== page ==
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United States Department of Agriculture

Agricultural Research Service

Title: Field Capacity of Water in Soils: Concepts, Measurement, and Approximation

Authors
item Nachabe, M - UNIVERSITY OF S. FLORIDA
item Nachabe, M - UNIVERSITY OF S. FLORIDA
item Ahuja, Lajpat
item Ahuja, Lajpat
item Rokicki, Renee - UNIVERSITY OF S. FLORIDA
item Rokicki, Renee - UNIVERSITY OF S. FLORIDA

Submitted to: Encyclopedia of Water Science
Publication Type: Peer Reviewed Journal
Publication Acceptance Date: June 1, 2002
Publication Date: July 28, 2003
Citation: Nachabe, M.H., Ahuja, L.R., Rokicki, R. 2004. Field capacity of water in soils: concepts, measurement, and approximation. Encyclopedia of Water Science. Stewart, B.A. and Howell, T.A. (eds.) Marcel-Dekker. Book chapter. pp. 915-918. 2003.

Interpretive Summary: We propose to use field capacity as an operational concept for root zone water management, and avoid treating it as an intrinsic soil property. Field capacity is reached when downward drainage flux is negligibly small (while recognizing that drainage may not cease completely) so that evaporation and transpiration are more significant in depleting soil- water of the root zone. Depending on type of application, a negligibly small drainage flux between 0.01 and 1 mm/day can be hindered by a clay pan, whereas in a soil with shallow depth to water table, an equilibrium soil-water profile is usually achieved when drainage ceases to be significant.

Technical Abstract: We propose to use field capacity as an operational concept for root zone water management, and avoid treating it as an intrinsic soil property. Field capacity is reached when downward drainage flux is negligibly small (while recognizing that drainage may not cease completely) so that evaporation and transpiration are more significant in depleting soil- water of the root zone. Depending on type of application, a negligibly small drainage flux between 0.01 and 1 mm/day can be hindered by a clay pan, whereas in a soil with shallow depth to water table, an equilibrium soil-water profile is usually achieved when drainage ceases to be significant.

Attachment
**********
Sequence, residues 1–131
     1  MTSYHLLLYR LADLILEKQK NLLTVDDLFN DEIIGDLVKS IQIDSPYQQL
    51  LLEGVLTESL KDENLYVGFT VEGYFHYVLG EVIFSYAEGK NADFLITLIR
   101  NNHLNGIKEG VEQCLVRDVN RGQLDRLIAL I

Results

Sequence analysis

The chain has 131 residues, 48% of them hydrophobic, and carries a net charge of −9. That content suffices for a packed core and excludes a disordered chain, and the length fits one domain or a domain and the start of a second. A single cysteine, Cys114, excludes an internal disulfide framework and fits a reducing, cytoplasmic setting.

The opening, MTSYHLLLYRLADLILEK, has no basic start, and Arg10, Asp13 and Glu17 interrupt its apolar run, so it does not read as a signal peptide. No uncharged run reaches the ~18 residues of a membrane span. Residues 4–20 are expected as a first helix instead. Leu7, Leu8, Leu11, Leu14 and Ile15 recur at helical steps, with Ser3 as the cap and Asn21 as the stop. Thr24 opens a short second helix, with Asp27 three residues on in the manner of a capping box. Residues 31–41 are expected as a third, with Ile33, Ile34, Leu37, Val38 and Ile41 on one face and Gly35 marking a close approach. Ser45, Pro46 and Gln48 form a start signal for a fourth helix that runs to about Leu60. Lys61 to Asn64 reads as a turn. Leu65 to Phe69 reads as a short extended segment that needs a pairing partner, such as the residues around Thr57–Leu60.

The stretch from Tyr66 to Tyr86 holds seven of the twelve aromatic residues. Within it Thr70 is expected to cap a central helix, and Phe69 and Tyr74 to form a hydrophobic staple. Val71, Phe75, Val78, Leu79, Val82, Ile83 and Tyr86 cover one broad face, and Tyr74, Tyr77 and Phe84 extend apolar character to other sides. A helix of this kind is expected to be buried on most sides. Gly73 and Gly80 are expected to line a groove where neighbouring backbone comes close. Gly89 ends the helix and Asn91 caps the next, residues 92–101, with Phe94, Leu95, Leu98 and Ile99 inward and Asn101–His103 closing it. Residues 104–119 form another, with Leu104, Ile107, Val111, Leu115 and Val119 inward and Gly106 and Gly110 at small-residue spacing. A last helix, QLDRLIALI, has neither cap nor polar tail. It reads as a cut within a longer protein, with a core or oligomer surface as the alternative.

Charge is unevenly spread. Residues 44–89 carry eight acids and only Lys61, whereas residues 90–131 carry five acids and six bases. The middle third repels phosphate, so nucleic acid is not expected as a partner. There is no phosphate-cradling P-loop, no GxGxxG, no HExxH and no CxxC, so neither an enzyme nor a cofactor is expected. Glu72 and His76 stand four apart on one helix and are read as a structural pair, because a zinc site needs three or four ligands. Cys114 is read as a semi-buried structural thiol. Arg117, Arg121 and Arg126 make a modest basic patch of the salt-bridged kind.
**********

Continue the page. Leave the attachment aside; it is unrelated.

Submitted to: Encyclopedia of Water Science
Publication Type: Peer Reviewed Journal
Publication Acceptance Date: June 1, 2002
Publication Date: July 28, 2003
Citation: Nachabe, M.H., Ahuja, L.R., Rokicki, R. 2004. Field capacity of water in soils: concepts, measurement, and approximation. Encyclopedia of Water Science. Stewart, B.A. and Howell, T.A. (eds.) Marcel-Dekker. Book chapter. pp. 915-918. 2003.

Interpretive Summary: We propose to use field capacity as an operational concept for root zone water management, and avoid treating it as an intrinsic soil property. Field capacity is reached when downward drainage flux is negligibly small (while recognizing that drainage may not cease completely) so that evaporation and transpiration are more significant in depleting soil- water of the root zone. Depending on type of application, a negligibly small drainage flux between 0.01 and 1 mm/day can be hindered by a clay pan, whereas in a soil with shallow depth to water table, an equilibrium soil-water profile is usually achieved when drainage ceases to be significant.

Technical Abstract: We propose to use field capacity as an operational concept for root zone water management, and avoid treating it as an intrinsic soil property. Field capacity is reached when downward drainage flux is negligibly small (while recognizing that drainage may not cease completely) so that evaporation and transpiration are more significant in depleting soil- water of the root zone. Depending on type of application, a negligibly small drainage flux between 0.01 and 1 mm/day can be hindered by a clay pan, whereas in a soil with shallow depth to water table, an equilibrium soil-water profile is usually achieved when drainage ceases to be significant.

Last Modified: 12/20/2014
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